Talking with unemployed young people in Africa about their efforts to find work is often dispiriting; sometimes it is heart-rending. This is especially true of South Africa, where the apartheid legacy continues to compound youth frustrations. A quest for good (or any) employment features strongly in so many young peoples’ stories. But is the ‘mobile phone’ turning this quest around?
Mobility, or lack of it, i.e. the ability to access meaningful and decent employment, is integral in the search for and accessibility of jobs. Safe, low cost, reliable transport services along good all-season roads help broaden access to more distant work places/opportunities, while ‘virtual mobility’ (mobile phones/ICT etc.), can reduce need for physical travel, allowing rapid access to information on job openings, enabling contact with potential employers, helping run a more efficient business, etc.
The potential for such ‘connectivities’ to improve Africa’s employment landscape has resonated strongly with states and donors, encouraging extensive infrastructure investments. However, if mobile phones, and such like, are truly going to have a significant impact on young people, they need to enable access to employment opportunities that will pay a living wage.
Herein lies the crux of the problem – how to expand the availability of quality jobs?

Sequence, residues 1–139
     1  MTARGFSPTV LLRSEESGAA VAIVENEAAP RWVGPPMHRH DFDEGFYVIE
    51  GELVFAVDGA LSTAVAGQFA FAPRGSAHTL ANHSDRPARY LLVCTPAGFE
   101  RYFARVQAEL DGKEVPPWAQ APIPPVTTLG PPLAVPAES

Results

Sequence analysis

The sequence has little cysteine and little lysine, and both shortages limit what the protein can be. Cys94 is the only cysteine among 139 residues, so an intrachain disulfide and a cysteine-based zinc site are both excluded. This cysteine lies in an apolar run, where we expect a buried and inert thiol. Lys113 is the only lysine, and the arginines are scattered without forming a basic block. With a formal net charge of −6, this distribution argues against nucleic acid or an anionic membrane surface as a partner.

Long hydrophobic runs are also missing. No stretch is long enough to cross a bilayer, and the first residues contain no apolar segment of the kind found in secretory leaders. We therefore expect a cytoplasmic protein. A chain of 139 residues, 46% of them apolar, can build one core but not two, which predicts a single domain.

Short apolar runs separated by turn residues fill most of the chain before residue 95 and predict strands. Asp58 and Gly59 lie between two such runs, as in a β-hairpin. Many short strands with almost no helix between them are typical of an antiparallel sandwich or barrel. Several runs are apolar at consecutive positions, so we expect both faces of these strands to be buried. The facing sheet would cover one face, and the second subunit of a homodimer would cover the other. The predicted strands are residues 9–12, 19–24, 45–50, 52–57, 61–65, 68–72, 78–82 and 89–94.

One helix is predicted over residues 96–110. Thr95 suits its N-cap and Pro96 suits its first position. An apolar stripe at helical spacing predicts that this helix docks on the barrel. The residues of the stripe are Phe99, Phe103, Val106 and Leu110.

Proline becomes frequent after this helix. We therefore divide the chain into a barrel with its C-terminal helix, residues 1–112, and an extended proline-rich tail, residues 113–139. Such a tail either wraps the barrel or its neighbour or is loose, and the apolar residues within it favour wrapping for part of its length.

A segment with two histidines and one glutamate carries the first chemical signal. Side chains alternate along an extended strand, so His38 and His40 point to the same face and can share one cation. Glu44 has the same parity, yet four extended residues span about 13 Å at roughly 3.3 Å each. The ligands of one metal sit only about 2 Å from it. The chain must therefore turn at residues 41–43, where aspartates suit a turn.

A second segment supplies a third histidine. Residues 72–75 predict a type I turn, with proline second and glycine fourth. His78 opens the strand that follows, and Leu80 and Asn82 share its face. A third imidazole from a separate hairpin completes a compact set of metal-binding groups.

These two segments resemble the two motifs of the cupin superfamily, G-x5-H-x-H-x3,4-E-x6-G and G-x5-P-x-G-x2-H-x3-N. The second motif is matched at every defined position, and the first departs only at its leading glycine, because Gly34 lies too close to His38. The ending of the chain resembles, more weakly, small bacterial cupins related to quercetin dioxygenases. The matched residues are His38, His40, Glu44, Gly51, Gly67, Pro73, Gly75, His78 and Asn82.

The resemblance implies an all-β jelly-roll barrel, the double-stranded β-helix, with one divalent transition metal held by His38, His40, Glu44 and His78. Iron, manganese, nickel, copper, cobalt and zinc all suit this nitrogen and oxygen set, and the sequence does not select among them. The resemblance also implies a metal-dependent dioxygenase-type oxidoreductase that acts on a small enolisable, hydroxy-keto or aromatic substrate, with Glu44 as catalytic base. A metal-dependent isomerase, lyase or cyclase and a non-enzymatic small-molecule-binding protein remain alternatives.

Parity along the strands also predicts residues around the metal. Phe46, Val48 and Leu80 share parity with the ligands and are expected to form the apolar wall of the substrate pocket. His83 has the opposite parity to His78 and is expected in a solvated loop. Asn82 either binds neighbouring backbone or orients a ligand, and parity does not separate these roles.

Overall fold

At the upcoming Putting children first conference on identifying solutions and taking action to tackle poverty and inequality in Africa in Ethiopia 23-25 October, I will be sharing the latest findings from my ESRC-DFID funded research on youth mobility and employment in settings where mobile phone usage is growing rapidly.
What does the informal sector have to do with employment?
Comparison of youth employment patterns in Ghana, Malawi and South Africa points to a fundamental difference in the youth employment stakes between Ghana and Malawi on the one hand, and South Africa on the other: the role of the informal sector.
In Ghana and Malawi (and much of sub-Saharan Africa) most young people are exposed to work in the informal sector at an early age. It’s usually unpaid, may be unpleasant, and is sometimes physically harmful; it often reduces the time children can spend at school, possibly also the energy they have available for school-related tasks. However, limited inputs into informal sector work can bring significant benefits:
- It can help children to build a repertoire of knowledge and skills that will help them later to obtain an income (for instance, girls learning how to trade under the tutelage of family members, sometimes even in the school playground during breaks).
- It can help young people to consolidate social networks that they can draw on when they are subsequently searching for paid work.
In South Africa, however, the absence of a vibrant informal sector arguably denies low-skilled young people any early work experience and limits their subsequent access to paid work opportunities, whatever mobility-related interventions are in place. In particular, opportunities for low-skilled black youth are very sparse. This is a historical legacy stemming back to bans on informal enterprise during the apartheid era. Because of this, there are few opportunities for training and experience during school years, and few black school leavers have acquired the key skills and networking opportunities that might promote their employability.